Mentions: There a number of issues that can impede the development of a model in this area. Firstly, a large number of biological systems remain poorly understood mechanistically. This makes an integrated mathematical description of their mechanisms inherently challenging. Moreover, this problem feeds forward into parameter selection; if the mechanisms have not been fully delineated, then it is probable that there will be a paucity of measurements with which to infer accurate parameter values. A variety of techniques have been developed for estimating parameters that are not identifiable in the strict mathematical sense [114,115]. Residual parameter uncertainty, however, has an impact on model extension, because if the parameters of the original model are unclear, this raises questions over the value of extending the model further. This is particularly frustrating from the perspective of the aging process, as due to its intrinsic complexity, holistic models are a necessity if we are to improve our understanding of this process. To help overcome these difficulties, Kriete et al. (2010) created a noteworthy rule-based cell systems model of aging that included the mTOR pathway along with several other pathways related to aging [116]. This semi-quantitative model enabled the authors to represent aging in a holistic fashion that was defined by connectivity/rules among all components involved. Another promising direction for future research is the development of algorithmic methods for reducing model complexity and identifying, from the ensemble of uncertain model parameters, the critical components that demand further investigation. A good example of this is sensitivity analysis to determine those parameters that exert the most influence over a particular model output [117]. The performance of formal techniques for automated model reduction of systems biology models has also been studied by Dokoumetzidis and Aarons [118]. Recently, Rao and colleagues (2014) developed a model reduction method for biochemical reaction networks [119]. The method employed a stepwise reduction in the number of complexes, defined as the left- and right-hand sides of the reactions in the network. The reduced network has fewer complexes, reactions, variables and parameters when compared to the original network, and yet, the behaviour of a preselected set of significant metabolites in the reduced network closely resembles that of the original network. Moreover, the reduced network largely retains the structure and kinetics of the original model. A yeast model of glycolysis was reduced from 12 to seven variables. This reduction was able to improve the understanding of the dynamics of the network and presents a means of facilitating model parameterization or to embed a detailed model of interest in a more coarse-grained, yet realistic environment [120]. This type of approach could be important for modelling the interaction between mTOR and SIRT1, because their metabolic activities comprise a multitude of relationships that encapsulates the dynamic behaviour between enzymes, metabolites and cofactors. Given the current limited understanding of the mechanisms that underpin these pathways and the cloudiness surrounding their interactivity, constructing a detailed model of their circuitry is to a large extent futile. Rather, it is vital that computational models are informed by recent experimental evidence and that they are used to test a particular idea or hypothesis relating to a component or components of a reasonably well-defined system. The incorporation of model entities needs to be informed by metabolic circuitry that has been at least partly characterized experimentally. As an example, we created a diagram that could be used as a starting point to model the interaction of mTOR and SIRT1 (Figure 3). This diagram is informed by the hypothesis outlined by Ghosh et al. (2010) [31], in which the authors suggest SIRT1 negatively regulates mTOR signaling through inhibition of the TSC1/2 complex. Our idea centres on capturing this effect together with the key components of this pathway. The next step would be to code our putative model using a software tool, such as CellDesigner [121] or Copasi [122], both of which have been designed to support the SBML exchange framework, which would facilitate model updating. It would then be necessary to parameterize the model. Following this, simulations could be conducted along with a sensitivity analysis. The model could then be ultimately used to explore the relationship between mTOR and SIRT1 based on current experimental knowledge.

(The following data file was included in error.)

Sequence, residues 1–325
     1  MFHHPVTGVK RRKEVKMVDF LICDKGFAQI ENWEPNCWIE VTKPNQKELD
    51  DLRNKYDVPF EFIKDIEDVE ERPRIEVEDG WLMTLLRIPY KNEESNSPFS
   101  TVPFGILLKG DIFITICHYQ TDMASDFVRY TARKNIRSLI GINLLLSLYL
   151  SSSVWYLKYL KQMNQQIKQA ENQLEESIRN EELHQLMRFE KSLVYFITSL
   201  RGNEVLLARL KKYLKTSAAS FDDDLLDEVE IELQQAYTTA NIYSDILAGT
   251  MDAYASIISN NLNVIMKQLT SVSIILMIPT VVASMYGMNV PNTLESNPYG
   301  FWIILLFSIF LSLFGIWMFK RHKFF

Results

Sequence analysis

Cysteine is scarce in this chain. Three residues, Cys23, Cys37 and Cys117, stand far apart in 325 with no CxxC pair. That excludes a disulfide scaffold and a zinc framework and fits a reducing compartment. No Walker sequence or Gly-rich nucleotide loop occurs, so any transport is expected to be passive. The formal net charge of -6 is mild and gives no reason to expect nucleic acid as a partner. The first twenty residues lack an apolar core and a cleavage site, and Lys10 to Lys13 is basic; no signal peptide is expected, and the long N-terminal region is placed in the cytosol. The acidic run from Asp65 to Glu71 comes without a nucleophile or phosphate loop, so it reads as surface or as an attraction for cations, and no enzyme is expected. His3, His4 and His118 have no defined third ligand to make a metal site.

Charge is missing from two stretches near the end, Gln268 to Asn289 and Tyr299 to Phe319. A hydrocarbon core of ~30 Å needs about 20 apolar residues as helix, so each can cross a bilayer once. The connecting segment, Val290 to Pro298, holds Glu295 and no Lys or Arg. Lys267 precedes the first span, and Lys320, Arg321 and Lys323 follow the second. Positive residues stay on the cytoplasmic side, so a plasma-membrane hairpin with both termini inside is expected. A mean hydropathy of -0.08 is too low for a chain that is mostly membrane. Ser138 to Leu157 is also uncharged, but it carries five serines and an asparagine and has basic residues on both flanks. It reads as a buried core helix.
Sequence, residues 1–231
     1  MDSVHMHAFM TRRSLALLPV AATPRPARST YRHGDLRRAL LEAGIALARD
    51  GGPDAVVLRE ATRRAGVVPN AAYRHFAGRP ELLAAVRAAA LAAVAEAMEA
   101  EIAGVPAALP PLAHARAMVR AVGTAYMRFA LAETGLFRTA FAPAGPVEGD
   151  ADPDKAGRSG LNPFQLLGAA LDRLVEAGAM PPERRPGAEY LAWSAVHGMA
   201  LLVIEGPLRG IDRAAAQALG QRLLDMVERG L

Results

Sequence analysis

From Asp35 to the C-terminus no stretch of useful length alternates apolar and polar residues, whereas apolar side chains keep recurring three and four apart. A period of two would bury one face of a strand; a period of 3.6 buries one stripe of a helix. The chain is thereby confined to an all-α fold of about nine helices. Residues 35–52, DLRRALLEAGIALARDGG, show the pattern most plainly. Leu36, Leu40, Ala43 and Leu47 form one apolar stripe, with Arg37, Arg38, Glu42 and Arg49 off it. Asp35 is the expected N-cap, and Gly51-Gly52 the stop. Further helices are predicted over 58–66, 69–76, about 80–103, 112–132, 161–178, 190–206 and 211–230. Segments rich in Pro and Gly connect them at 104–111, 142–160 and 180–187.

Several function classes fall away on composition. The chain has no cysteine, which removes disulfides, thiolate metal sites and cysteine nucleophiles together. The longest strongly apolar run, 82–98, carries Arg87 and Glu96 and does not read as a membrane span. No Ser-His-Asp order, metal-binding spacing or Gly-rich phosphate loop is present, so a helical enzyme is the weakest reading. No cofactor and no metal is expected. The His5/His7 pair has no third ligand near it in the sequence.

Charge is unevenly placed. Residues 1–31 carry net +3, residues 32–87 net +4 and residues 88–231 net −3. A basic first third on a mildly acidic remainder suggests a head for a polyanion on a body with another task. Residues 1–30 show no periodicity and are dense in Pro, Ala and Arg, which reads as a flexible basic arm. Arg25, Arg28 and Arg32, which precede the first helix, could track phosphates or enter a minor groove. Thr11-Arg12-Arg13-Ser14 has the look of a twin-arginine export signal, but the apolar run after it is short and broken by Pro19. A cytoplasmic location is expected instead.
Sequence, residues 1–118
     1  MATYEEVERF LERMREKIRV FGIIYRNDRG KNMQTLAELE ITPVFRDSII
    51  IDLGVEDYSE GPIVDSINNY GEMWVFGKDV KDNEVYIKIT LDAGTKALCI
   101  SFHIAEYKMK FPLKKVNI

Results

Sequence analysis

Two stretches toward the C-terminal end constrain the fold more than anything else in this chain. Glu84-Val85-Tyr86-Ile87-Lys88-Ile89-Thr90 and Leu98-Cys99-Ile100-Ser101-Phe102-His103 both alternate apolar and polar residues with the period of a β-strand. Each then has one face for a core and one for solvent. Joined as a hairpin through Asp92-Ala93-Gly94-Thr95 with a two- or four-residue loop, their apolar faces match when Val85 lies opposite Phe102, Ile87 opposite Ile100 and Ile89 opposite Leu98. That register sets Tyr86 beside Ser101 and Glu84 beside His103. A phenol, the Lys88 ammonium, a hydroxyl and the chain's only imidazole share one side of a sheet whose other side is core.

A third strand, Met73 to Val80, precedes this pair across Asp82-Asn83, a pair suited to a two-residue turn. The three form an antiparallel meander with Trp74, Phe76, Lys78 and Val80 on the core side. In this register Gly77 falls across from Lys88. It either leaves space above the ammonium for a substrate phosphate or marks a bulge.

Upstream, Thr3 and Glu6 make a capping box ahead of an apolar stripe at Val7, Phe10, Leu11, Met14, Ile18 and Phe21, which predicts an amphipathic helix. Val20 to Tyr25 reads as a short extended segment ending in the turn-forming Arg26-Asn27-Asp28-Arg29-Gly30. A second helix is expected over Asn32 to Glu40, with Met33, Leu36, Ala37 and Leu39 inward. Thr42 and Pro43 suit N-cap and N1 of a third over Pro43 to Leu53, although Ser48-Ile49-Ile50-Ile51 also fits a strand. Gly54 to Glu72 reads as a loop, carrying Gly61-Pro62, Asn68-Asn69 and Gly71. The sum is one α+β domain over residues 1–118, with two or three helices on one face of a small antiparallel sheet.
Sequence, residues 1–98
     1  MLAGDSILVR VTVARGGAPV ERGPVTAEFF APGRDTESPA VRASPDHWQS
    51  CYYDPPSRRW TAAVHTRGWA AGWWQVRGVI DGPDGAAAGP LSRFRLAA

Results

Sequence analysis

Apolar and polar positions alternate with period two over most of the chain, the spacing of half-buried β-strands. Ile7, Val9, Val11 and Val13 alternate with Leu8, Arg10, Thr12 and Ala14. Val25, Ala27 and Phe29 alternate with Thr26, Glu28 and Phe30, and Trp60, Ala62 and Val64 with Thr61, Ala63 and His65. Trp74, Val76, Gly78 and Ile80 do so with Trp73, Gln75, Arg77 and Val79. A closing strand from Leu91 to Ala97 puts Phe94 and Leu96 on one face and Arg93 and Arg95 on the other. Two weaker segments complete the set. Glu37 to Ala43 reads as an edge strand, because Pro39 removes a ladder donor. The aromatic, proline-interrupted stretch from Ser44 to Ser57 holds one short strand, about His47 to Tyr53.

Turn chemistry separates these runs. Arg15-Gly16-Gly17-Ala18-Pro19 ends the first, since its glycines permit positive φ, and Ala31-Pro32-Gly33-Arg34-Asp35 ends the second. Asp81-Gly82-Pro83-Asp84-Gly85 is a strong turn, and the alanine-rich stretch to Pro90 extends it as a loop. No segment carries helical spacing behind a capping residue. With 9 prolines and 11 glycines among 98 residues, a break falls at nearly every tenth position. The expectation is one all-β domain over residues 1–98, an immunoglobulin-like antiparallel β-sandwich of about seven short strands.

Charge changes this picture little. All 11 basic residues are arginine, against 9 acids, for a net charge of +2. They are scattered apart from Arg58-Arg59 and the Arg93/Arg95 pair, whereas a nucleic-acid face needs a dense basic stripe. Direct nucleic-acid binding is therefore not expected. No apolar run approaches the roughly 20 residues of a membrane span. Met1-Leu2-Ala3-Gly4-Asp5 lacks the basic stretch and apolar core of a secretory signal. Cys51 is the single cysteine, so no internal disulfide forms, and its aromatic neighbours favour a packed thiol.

Bottom Line: These hubs are the pathway defined by the mammalian target of rapamycin (mTOR) and that defined by the NAD+-dependent deacetylase enzyme, SIRT1.We briefly discuss the main modelling frameworks that could be used to disentangle this relationship and present a reduced reaction pathway that could be modelled.We conclude by outlining the limitations of computational modelling and by discussing opportunities for future progress in this area.

View Article: PubMed Central - PubMed

Affiliation: Faculty of Science & Engineering, University of Chester, Thornton Science Park, CH2 4NU, UK. m.mcauley@chester.ac.uk.

ABSTRACT
The underlying cellular mechanisms that characterize aging are complex and multifaceted. However, it is emerging that aging could be regulated by two distinct metabolic hubs. These hubs are the pathway defined by the mammalian target of rapamycin (mTOR) and that defined by the NAD+-dependent deacetylase enzyme, SIRT1. Recent experimental evidence suggests that there is crosstalk between these two important pathways; however, the mechanisms underpinning their interaction(s) remains poorly understood. In this review, we propose using computational modelling in tandem with experimentation to delineate the mechanism(s). We briefly discuss the main modelling frameworks that could be used to disentangle this relationship and present a reduced reaction pathway that could be modelled. We conclude by outlining the limitations of computational modelling and by discussing opportunities for future progress in this area.

No MeSH data available.


Related in: MedlinePlus